Cardiovascular responses to high-frequency oscillatory ventilation during acute lung injury in sheep
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The present study was designed to evaluate pulmonary and systemic hemodynamics and blood gas changes on switching from conventional mechanical ventilation (CMV) to high-frequency oscillatory ventilation (HFOV) in a large animal model of acute lung injury.
Eleven anesthetised sheep chronically instrumented with vascular monitoring were prepared. Animals received oleic acid (0.08 ml·kg−1) intravenously and were ventilated for 4 h h after the administration of oleic acid. The animals were then randomized into the two following different ventilation modes: CMV (tidal volume [VT], 6 ml·kg−1; respiratory rate [RR], 25 · min−1) with positive end-expiratory pressure (PEEP) of 12 cmH2O; or CMV under the same settings without PEEP. HFOV was then switched. The setting of mean airway pressure with a fixed stroke volume was changed between 25, 18, and 12 cmH2O every 20 min. Mean pulmonary artery pressure, pulmonary artery occlusive pressure (Paop), left atrium pressure, systemic arterial pressure, cardiac output (CO), and blood gas composition under each setting were measured before and after HFOV.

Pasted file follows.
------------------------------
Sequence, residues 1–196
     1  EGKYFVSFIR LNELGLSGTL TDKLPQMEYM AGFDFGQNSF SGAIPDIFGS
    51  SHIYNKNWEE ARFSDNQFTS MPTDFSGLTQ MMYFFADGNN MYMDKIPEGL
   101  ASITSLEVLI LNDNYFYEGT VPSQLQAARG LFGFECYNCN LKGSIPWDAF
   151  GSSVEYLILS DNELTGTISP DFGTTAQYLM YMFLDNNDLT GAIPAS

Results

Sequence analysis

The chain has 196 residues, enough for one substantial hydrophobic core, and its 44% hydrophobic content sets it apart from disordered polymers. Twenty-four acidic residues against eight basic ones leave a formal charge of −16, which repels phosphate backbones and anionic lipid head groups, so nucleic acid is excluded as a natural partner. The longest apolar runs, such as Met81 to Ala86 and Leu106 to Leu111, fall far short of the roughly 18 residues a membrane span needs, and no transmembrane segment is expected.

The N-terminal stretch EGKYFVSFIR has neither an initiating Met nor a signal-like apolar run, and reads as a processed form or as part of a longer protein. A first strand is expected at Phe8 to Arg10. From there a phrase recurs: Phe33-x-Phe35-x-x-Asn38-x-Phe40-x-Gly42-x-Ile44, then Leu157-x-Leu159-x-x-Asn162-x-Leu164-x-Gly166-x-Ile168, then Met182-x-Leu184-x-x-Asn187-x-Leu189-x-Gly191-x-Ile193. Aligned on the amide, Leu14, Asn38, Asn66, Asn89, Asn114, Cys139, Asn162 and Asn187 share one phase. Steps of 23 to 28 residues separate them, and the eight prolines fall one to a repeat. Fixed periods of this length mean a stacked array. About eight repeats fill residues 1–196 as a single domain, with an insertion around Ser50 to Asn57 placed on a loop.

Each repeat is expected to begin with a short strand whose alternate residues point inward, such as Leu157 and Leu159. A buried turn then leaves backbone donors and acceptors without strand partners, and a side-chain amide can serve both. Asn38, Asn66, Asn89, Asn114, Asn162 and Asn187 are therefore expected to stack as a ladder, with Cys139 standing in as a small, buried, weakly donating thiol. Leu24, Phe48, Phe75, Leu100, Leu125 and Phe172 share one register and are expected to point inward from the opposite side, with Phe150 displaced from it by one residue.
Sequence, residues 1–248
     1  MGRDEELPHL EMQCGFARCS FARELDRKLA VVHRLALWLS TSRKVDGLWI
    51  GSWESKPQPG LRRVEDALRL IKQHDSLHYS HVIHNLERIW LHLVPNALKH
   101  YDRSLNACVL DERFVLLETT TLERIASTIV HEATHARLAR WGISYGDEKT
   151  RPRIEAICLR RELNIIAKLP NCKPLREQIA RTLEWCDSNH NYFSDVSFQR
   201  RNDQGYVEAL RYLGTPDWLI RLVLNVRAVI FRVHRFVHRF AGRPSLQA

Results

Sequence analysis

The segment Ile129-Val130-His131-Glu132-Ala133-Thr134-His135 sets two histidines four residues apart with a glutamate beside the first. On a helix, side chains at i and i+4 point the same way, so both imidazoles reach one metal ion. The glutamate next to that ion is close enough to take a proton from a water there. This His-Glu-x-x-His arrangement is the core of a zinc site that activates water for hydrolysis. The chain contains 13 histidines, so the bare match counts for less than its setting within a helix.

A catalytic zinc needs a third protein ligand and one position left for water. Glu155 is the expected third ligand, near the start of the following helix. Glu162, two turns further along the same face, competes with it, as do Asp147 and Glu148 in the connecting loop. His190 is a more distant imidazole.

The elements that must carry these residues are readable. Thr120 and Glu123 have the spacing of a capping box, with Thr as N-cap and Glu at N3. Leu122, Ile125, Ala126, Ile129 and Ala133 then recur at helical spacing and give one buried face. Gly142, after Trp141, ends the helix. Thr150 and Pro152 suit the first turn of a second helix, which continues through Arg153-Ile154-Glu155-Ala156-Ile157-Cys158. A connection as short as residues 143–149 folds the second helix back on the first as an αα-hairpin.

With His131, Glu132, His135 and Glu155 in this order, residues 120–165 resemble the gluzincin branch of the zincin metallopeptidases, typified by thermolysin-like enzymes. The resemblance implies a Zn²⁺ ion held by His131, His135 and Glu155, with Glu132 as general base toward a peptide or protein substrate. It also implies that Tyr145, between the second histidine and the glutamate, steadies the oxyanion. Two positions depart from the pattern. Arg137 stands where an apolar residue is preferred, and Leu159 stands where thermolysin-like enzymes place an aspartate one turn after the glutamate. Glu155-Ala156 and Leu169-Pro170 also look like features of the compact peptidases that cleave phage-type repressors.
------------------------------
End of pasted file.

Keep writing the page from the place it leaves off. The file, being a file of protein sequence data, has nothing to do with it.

Switching to HFOV, from without PEEP, resulted in significant increases in Paop and PaO2 and a decrease in CO at higher (25, 18 cmH2O) mean airway pressure. However, when changed from low VT and PEEP, HFOV produced further improvements in oxygenation without any deterioration of cardiovascular depression. Thus, switching to HFOV from CMV with low VT and high PEEP may have little influence on pulmonary or systemic hemodynamics in acute lung injury.
We conclude that hemodynamic responses are dependent on the predefined setting of PEEP during CMV, and on applied mean airway pressure during HFOV.
Key wordsAcute lung injury Open lung strategy Ventilation-induced lung injury
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